Southern Rockhopper Penguin (Eudyptes Chrysocome) By michael parsky

Beginning in 2008, the Southern Rockhopper Penguin has been listed as "Vulnerable" on the IUCN Red List of Threatened Species due to the growing presence of commercial fisheries and a myriad of environmental issues.

Timeline: 1988 - Not Recognized 1994 -Not Recognized 2000- Not Recognized 2004- Not Recognized 2008- Vulnerable 2010- Vulnerable 2012- Vulnerable

Other Timeline: 1871- 25000 eggs taken to use for Penguin oil, 1984- 1995 Southern Rockhopper Penguin Population down (2.5 Million breeding pairs to only about 300000.) 1985-1986 large numbers of penguins starved to death

What does the Southern Rockhopper Penguin look like?

Average Height: 55 cm, Average weight: 3.5 kg, Short red-brownish bill, white underparts, grey upperparts, big yellow eyebrows that extend, differ from Northern Rockhopper Penguin counterparts with pale mottled grey chin.

Where do they live?

The Falkland Islands are a very popular habitat for Southern Rockhopper Penguin's to breed (located in South Atlantic Ocean, Western Hemisphere)


And Argentina.

What Threatens the Southern Rockhopper Penguin?

Squid, which accommodates around 29% of the Penguin's diet, along with other small sea organisms that are consumed by the Southern Rockhopper have been captured by commercial fishery companies for human consumption. The removal of significant portions of the Rockhopper diets has led to widespread starvation and subsequent population decline.

Climate change is another concern for Rockhopper Penguin's. Rising water temperatures in the 1960's saw a decrease in penguin population. Additionally, El Niño seasons, winter seasons that have abnormally high temperatures, have also proven to be a great threat to the Southern Rockhopper. Other organisms, especially those that are a part of the Rockhopper's diet, who suffer from these environmental issues indirectly hurt the Rockhopper Penguin's as their reductions in populations cause a food shortage to supplement the Penguin's large colonies.

Other threats to the population include: predation (seal populations), oil pollution, and humans taking eggs for food or use for Penguin oil.

Current Population: Approximately 2,500,000 mature pairs

Status of Population Trend: Decreasing

Over the last 30 years, the population of Southern Rockhopper Penguin's has decreased 34%, especially the large concentration in the Falkland Islands(1.2 million pairs). Multiple places have significant recorded declines in population. A notable site is Campbell Island, which has lost 1.5 million pairs of Southern Rockhopper Penguin's, which accounts for around 94% of their original population. These declines seem gradual as the data collected from Campbell Island was from 1942-1986 and the Falkland Islands from 1932-2000.

Ecology, habitats, and movement patterns: The Southern Rockhopper Penguin's movement pattern is classified as full migration. The Penguin's spend three to five months at sea (leave around late summer), as they look for food. They travel far from their breeding colonies, some hundreds of kilometers where they engage in "dives" as they forage for food (crustaceans, other small organisms, etc.) After this period they return to their breeding colonies. These habitats are best characterized as rocky shorelines or burrows in high grassy areas called tussocks, intended for breeding.

The Southern Rockhopper Penguin is an active contributor to their ecosystems and overall biodiversity. They are primary consumers, as they eat smaller organisms and they themselves are consumed by larger organisms. This process helps stabilize populations in their ecosystems and promotes a healthier biodiversity. In addition, they use the high grassy land areas where they make their nests in order to lay their eggs and breed. In conclusion, they are solid members that do make a difference in their ecosystems but are not focal points.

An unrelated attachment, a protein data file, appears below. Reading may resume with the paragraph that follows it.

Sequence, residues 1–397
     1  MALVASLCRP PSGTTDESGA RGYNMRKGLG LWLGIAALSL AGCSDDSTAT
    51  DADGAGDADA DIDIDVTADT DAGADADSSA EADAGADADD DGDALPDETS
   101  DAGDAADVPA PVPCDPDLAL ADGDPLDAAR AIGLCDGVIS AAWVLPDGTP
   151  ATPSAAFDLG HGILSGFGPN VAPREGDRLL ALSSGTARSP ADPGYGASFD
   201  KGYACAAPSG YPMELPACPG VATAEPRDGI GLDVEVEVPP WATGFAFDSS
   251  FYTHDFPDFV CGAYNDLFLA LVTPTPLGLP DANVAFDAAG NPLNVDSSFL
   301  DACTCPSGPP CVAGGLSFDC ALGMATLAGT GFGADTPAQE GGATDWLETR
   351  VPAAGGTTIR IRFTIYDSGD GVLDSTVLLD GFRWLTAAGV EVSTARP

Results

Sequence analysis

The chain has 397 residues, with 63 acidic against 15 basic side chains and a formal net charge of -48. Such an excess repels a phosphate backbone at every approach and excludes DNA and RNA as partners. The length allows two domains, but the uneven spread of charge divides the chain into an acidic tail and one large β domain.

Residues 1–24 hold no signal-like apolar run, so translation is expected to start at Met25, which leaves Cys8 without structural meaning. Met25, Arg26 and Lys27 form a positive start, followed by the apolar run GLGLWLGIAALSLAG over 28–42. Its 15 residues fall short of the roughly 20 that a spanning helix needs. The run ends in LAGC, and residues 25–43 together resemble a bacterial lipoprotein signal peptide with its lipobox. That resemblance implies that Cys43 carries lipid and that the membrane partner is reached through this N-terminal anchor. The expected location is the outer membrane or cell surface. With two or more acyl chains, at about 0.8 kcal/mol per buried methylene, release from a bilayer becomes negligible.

In response to the declining population trend conservation efforts have been made in an attempt to change the direction of the species.

Regular monitoring of habitats such as the Falkland Island's and Staten Island, Argentina, along with initiatives such as an International Species Action Plan and Regional Action Plans provided by BirdLife International to conduct research and analysis of the Southern Rockhopper Penguin species. Being considered an "endangered species" has also allowed the birds to fall under the protection of the Endangered Species Act of 1973, which provides for concerted conservation efforts for all species that meet the requirements.

Works Cited

Bingham, Mike. "Rockhopper Penguin." Penguins: Rockhopper Penguins - Eudyptes Chrysocome. N.p., n.d. Web. 08 Jan. 2017. <>.

"Eudyptes Chrysocome ." Eudyptes Chrysocome (Rockhopper Penguin, Southern Rockhopper Penguin). The IUCN Red List of Endangered Species, n.d. Web. 08 Jan. 2017. <>.

"Rockhopper Penguin." Penguin Facts and Information. Penguins-World, n.d. Web. 08 Jan. 2017. <>.

"Rockhopper Penguin." Rockhopper Penguins. Photovolcanica, n.d. Web. 08 Jan. 2017. <>.

Rockhopper Penguins. Center for Biological Diversity, n.d. Web. 08 Jan. 2017. <>.

"Southern Rockhopper Penguins." FI Conservation - Rockhopper. Falklands Conservation, n.d. Web. 08 Jan. 2017. <>.


Created with images by Liza - "penguin rockhopper penguin southern rockhopper penguin" • nyaa_birdies_perch - "southern rockhopper penguin" • flowcomm - "Rockhopper penguin at Two Oceans Aquarium" • thejourney1972 (South America addicted) - "Presenting the Falkland Islands: a british perspective" • thejourney1972 (South America addicted) - "Mapa III Región de Chile" • SEDACMaps - "Argentian: Population Density, 2000" • Ingrid Taylar - "Chum Run - Reality" • *Debs* - "Father & Son" • flowcomm - "Rockhopper penguin" • Marie Hale - "Rockhopper penguin" • nomis-simon - "SJM_1284.jpg" • NOAA Photo Library - "rikr0090"

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